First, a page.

Confirmed COVID-19 cases in Arizona reached 123,824 on Monday, July 13, and the number of deaths attributed to COVID-19 reached 2,245 after an increase of eight from the previous day.
Confirmed COVID-19 cases in Arizona increased 1,357 from the previous day, according to the Arizona Department of Health Services. In a bit of positive news, it marked the third consecutive day of diminishing increases for the state.
Of the total number of COVID-19 cases in Arizona since the start of the pandemic in January, 44,320 cases — or more than one-third of the total number of cases — have come in July alone. Here is a look at Arizona’s daily increases in cases during July:
July 1: 4,878 new cases
July 2: 3,333 new cases
July 3: 4,433 new cases
July 4: 2,695 new cases
July 5: 3,536 new cases
July 6: 3,352 new cases
July 7: 3,653 new cases
July 8: 3,520 new cases
July 9: 4,057 new cases
July 10: 4,221 new cases
July 11: 3,038 new cases
July 12: 2,237 news cases
July 13: 1,357 new cases
Arizona has climbed to No. 7 among states with the most confirmed COVID-19 cases. New York leads the nation with the highest number of COVID-19 cases.
Arizona led the U.S. in the growth of confirmed coronavirus cases Wednesday, and if states were viewed as their own countries, the Grand Canyon State would lead the world, according to an alarming analysis by The New York Times. Arizona state officials pushed back against that characterization, but Arizona doctors fear the situation could worsen.
For every 1 million Arizona residents, 3,300 cases of COVID-19 have been detected over the past seven days, the Times reported.
Relying on data from Johns Hopkins University, the analysis also revealed that Arizona has the country’s highest daily percentage of positive coronavirus cases, with more than 25% of tests showing a positive result.
The findings echo Arizona’s last-place ranking among 50 states in the Harvard Global Health Institute’s COVID-19 risk assessment tool on Wednesday.
Gov. Doug Ducey’s office refuted aspects of the Times analysis.
“There is no question that Arizona is experiencing a significant number of COVID cases,” spokesperson Patrick Ptak wrote in an email. But he said characterizations that Arizona is the “worst in the world lack context and are misleading and inaccurate.”
Ptak refuted the idea that Arizona is the worst in certain categories, arguing, for example, that Brazil has completed only one-sixth the number of tests per 100,000 people, and Peru has a nearly 40% positivity testing rate.
The second worst state for growth in new cases was Florida, with 2,700 cases per million residents, according to the Times analysis. South Carolina was third, with 2,300 cases. Bahrain is the first country to appear on the list, at No. 4, with 2,200 cases per million residents.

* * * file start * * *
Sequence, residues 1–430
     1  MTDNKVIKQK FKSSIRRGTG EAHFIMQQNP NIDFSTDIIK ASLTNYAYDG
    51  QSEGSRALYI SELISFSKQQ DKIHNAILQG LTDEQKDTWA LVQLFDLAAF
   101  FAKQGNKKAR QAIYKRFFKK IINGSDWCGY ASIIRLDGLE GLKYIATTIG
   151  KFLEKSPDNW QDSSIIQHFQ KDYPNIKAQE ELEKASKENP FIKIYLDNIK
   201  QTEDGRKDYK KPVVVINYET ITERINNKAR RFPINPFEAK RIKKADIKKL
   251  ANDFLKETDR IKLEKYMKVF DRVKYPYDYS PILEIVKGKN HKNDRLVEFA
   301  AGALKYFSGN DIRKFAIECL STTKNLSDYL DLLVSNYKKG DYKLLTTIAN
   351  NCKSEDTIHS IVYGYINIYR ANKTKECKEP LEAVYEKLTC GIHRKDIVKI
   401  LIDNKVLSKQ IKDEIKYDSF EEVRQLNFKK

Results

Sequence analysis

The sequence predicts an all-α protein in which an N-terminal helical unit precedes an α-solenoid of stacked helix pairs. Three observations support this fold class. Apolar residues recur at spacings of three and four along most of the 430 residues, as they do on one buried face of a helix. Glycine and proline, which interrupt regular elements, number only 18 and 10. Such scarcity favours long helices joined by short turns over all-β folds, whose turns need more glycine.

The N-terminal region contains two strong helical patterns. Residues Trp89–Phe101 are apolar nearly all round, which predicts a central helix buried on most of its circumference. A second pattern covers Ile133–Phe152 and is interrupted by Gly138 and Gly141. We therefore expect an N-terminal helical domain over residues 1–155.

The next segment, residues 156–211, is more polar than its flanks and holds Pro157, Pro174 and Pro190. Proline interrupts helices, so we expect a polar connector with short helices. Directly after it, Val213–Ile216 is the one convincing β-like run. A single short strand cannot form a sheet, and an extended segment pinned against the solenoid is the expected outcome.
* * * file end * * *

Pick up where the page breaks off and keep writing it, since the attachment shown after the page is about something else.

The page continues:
Arizona doctors and health care workers have raised the alarm about the need for more staffing, testing and personal protective gear across the state in recent weeks. Masks and social distancing are a must, according to Dr. Shad Marvasti and other experts.
“You need to really do both in order to mitigate, and ultimately, hopefully suppress the spread of COVID-19,” said Marvasti, the director of public health, prevention and health promotion at the University of Arizona College of Medicine Phoenix.
Marvasti told Cronkite News he doesn’t agree with how the state moved away from face masks and social distancing, which he said were more widely used during Arizona’s stay-at-home order, and he believes more must be done to help reverse course before the state becomes an epicenter of infection.
“This basically puts us to where New York and Italy were at one point, just to give perspective in terms of where we’re at,” Marvasti said. “If we continue, obviously, we’re going to get to very similar circumstances with respect to rationing health care, and issues related to hospital beds and medical supplies.”
To slow the spread of the illness, New York City did a phased reopening and now is in phase 3, which means outdoor dining, nail salons and other services have returned. Since hitting records high in March, Italy, too, has minimized spread, according to the Times.
Arizona can replicate that success, Marvasti said.